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Equality, equity or need? Public opinion towards distributive justice in the changing welfare state

Contemporary Western societies are characterized by a de-structuring of the social contract of

organized modernity. This brings along renewed discussions on distributive justice, i.e. how the

burdens and benefits of our welfare system can be distributed fairly. Three principles of

distributive justice are distinguished: (1) equity: distribution dependent on contributions; (2)

equality: the same access to social welfare for all citizens; (3) need: selective concern to citizens

highest in need.

Although contemporary societal conflicts are essentially rooted in these principles, a limited body

of research has tapped into public opinion on distributive justice. This project aims to contribute to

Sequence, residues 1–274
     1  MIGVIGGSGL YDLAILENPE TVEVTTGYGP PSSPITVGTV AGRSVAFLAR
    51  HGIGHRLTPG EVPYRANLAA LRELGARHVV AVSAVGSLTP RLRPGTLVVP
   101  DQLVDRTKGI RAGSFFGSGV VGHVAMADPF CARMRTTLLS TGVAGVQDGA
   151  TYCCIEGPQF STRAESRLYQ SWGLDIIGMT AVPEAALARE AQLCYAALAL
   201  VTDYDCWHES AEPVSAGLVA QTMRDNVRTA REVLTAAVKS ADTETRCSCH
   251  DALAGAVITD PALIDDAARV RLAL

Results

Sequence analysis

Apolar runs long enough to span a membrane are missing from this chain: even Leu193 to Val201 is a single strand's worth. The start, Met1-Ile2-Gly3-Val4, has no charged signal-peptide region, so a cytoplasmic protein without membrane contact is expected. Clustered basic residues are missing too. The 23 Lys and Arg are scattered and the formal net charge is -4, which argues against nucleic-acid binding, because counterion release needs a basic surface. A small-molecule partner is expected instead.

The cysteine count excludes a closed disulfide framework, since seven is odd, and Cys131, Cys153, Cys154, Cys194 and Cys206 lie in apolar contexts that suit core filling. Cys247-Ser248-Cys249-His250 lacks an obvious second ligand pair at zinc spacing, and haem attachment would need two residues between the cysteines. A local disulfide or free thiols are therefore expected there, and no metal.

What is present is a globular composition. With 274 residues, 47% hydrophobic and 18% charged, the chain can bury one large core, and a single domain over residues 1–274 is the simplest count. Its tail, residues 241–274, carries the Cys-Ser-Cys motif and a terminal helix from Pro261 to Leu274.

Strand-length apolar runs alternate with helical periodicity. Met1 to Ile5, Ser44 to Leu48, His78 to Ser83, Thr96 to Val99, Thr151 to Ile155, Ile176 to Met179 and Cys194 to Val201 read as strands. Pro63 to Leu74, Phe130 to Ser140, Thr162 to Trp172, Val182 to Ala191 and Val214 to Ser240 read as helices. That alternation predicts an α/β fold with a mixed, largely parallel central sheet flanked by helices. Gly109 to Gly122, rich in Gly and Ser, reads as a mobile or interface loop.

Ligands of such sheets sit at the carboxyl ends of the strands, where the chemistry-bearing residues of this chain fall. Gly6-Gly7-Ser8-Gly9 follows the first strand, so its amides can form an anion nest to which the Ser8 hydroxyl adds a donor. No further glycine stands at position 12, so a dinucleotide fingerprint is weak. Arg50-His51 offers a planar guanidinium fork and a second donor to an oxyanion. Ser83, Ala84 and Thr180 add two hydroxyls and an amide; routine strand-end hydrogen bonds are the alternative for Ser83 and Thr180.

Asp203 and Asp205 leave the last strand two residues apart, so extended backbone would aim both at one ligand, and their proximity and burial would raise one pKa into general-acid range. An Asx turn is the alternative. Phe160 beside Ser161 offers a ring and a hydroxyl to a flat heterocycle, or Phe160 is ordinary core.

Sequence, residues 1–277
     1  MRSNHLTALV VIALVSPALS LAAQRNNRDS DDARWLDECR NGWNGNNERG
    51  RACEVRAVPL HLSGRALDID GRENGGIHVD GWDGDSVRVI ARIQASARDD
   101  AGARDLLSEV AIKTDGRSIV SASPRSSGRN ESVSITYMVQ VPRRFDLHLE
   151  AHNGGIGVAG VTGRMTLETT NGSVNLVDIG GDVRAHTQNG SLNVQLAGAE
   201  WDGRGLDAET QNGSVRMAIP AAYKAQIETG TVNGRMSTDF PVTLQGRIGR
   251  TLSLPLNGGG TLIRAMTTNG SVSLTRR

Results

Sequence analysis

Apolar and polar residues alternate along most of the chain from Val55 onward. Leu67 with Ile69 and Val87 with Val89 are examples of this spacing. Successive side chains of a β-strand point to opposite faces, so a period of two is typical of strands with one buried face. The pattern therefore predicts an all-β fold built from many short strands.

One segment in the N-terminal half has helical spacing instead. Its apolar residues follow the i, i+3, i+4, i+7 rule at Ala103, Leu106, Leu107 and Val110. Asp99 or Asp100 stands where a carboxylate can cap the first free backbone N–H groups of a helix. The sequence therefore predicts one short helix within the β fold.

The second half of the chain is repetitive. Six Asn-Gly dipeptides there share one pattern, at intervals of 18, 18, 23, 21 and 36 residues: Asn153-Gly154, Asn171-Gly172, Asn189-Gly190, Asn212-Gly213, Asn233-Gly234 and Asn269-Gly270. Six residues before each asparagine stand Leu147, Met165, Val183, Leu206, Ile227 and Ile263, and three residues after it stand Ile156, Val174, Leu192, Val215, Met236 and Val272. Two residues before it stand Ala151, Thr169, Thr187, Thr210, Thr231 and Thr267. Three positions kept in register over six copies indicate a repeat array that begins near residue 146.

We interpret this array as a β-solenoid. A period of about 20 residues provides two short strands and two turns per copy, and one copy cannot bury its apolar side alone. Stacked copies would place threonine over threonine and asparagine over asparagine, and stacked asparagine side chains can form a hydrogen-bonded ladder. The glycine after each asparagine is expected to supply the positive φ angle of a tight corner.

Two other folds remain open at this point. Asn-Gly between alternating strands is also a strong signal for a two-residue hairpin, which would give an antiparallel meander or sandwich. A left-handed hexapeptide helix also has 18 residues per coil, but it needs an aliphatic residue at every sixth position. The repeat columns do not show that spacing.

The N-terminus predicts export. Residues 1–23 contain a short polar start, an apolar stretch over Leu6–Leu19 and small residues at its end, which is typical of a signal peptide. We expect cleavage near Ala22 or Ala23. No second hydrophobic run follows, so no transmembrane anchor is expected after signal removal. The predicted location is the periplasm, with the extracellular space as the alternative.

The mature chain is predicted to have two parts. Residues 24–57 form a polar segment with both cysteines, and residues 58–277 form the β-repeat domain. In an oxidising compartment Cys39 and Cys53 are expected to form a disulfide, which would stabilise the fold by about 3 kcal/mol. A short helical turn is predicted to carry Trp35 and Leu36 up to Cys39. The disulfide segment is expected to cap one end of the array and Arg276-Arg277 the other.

the literature by providing insight into citizens’ distributive justice preferences in two distinct

ways: First, this project will conceptualize and investigate distributive justice preferences through

a context-dependent and multi-layered approach. Second, I will investigate the roots of

distributive justice preferences by identifying individual determinants, (e.g. social structure,

resentment and ideology) as well as macro-level explanations (institutional, economic and cultural


Date:1 Oct 2018  →  Today
Keywords:Distributive justice, Public opinion, Welfare state
Disciplines:Applied sociology, Policy and administration, Social psychology, Social stratification, Social theory and sociological methods, Sociology of life course, family and health, Other sociology and anthropology
Project type:PhD project